Self harm hospital admissions rise
Tuesday 09 November 2010
The number of hospital admissions for people who self harm has risen 11% in three years, figures showed today.
Data for England revealed almost 10,000 more admissions for self harm, taking the figure to 104,340 in 2009/10.
This is up 3% on the previous year and an 11% rise on figures for 2006/07.
People are significantly more likely to hurt themselves in summer than December - the month with the lowest number of recorded admissions.
In May 2010, there were 10,340 hospital admissions for self harm but in the preceding December, the figure was 7,490. A similar pattern occurred in the previous year.
Today's report, from the NHS Information Centre, said self poisoning is the most likely reason for people to be admitted to hospital, frequently due to painkillers or prescription drugs.
Of self poisoning cases, 58,280 were admissions among women and 37,750 were among men.
Intentional self harm by a "sharp or blunt object" was the second most common reason for admission, accounting for 4,170 cases among women and 3,770 among men.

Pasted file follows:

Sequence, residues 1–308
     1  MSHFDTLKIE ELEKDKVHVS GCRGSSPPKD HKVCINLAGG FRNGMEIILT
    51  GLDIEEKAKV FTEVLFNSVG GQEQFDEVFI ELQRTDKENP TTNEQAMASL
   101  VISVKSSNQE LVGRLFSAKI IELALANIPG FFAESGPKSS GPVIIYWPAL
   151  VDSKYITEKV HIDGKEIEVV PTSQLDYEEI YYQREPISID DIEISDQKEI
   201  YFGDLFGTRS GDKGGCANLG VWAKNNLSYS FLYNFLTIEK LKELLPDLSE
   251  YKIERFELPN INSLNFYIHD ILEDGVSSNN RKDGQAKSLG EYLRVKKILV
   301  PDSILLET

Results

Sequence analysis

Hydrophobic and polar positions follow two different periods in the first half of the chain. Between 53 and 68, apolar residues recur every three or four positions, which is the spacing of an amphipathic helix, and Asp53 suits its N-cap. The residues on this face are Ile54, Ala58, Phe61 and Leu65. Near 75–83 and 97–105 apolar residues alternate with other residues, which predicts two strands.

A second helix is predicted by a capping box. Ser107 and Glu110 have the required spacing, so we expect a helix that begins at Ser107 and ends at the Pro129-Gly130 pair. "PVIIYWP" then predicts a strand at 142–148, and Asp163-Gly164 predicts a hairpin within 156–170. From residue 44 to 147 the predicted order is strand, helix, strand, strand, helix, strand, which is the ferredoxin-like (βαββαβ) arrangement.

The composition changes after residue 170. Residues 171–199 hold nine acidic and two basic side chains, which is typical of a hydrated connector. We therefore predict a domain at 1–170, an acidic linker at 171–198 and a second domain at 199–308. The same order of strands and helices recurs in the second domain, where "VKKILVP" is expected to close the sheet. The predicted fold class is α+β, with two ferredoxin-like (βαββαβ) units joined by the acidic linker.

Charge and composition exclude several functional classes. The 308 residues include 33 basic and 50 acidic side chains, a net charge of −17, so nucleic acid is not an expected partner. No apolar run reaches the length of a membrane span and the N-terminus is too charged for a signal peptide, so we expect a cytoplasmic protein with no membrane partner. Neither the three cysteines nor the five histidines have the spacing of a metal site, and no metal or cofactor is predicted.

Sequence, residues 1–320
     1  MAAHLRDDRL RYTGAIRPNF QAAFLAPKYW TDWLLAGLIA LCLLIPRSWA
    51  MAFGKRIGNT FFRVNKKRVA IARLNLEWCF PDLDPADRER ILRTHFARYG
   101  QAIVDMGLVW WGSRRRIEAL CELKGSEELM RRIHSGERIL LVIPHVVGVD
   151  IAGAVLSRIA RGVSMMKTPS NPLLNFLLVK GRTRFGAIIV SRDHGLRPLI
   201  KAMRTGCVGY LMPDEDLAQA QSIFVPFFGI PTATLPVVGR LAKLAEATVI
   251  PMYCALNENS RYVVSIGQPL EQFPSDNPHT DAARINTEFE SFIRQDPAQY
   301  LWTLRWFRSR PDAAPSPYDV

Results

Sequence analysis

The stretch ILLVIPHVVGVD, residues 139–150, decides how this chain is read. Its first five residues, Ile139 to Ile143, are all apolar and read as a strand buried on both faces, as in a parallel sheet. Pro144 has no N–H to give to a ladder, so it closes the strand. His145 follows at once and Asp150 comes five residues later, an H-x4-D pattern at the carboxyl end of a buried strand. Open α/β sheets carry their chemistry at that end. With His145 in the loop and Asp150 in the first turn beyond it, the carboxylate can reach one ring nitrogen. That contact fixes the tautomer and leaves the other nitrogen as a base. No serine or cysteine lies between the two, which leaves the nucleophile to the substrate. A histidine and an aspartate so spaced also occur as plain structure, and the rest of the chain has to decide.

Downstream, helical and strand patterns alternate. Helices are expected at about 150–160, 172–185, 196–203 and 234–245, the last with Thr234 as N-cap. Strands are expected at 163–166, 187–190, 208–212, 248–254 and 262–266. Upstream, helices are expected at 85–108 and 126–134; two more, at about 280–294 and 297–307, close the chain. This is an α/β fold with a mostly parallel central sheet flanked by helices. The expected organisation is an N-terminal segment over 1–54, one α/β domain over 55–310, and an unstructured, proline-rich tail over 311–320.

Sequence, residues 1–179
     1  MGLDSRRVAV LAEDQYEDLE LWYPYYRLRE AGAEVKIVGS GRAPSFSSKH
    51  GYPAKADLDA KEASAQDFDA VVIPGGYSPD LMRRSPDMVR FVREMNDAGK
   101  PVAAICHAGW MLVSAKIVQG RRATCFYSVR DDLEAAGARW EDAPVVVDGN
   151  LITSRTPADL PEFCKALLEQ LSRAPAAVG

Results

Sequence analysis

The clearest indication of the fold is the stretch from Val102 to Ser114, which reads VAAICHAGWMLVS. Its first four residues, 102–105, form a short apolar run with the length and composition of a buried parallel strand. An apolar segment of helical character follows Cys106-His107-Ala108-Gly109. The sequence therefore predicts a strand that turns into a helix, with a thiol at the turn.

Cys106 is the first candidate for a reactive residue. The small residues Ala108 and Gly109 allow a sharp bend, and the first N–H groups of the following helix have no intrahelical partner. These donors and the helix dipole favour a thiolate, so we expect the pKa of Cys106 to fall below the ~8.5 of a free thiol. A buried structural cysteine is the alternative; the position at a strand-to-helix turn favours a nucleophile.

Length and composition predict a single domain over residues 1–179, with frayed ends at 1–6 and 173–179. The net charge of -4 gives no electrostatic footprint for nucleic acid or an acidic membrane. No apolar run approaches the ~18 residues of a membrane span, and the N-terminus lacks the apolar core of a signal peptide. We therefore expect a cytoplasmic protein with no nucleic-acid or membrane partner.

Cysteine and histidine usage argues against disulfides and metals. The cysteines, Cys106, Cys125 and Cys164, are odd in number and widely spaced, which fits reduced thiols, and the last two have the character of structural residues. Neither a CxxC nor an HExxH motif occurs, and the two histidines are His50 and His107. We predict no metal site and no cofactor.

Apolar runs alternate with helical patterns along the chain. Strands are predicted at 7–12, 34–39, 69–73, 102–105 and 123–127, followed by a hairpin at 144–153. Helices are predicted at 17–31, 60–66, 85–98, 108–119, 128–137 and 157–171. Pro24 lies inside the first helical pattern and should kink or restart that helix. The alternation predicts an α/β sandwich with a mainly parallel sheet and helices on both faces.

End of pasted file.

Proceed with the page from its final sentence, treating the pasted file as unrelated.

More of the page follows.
People living in the North East are the most likely to be admitted of anywhere in the country (367 women and 288 men per 100,000 of the population).
Meanwhile, those living in London are the least likely to need admission (158 women and 96 men per 100,000 of the population).
As well as the North East, a cluster of primary care trusts (PCTs) in the North West had much higher than average admission rates, and there were several hotspots in other parts of England.
In the North West, PCTs included Wirral, Western Cheshire, Halton and St Helens, Warrington, Knowsley, Ashton, Leigh and Wigan and Salford.
Elsewhere, rates were higher than average in Hull, Leeds, Derby, Leicester, Bristol, Swindon, Torbay, Southampton, Portsmouth and Brighton.
NHS Information Centre chief executive, Tim Straughan, said: "This report highlights self poisoning as the most likely reason for a person to be admitted for intentional self harm; with the use of painkillers or prescription drugs a common factor.
"It also shows that the North East and North West of England have higher than average rates of admissions, along with pockets of the country that includes several areas of the south coast.
"As we head towards December it is interesting to note that provisional information points to this particular month as previously having the lowest number of intentional self harm admissions, while May appears to be near the opposite end of the scale."
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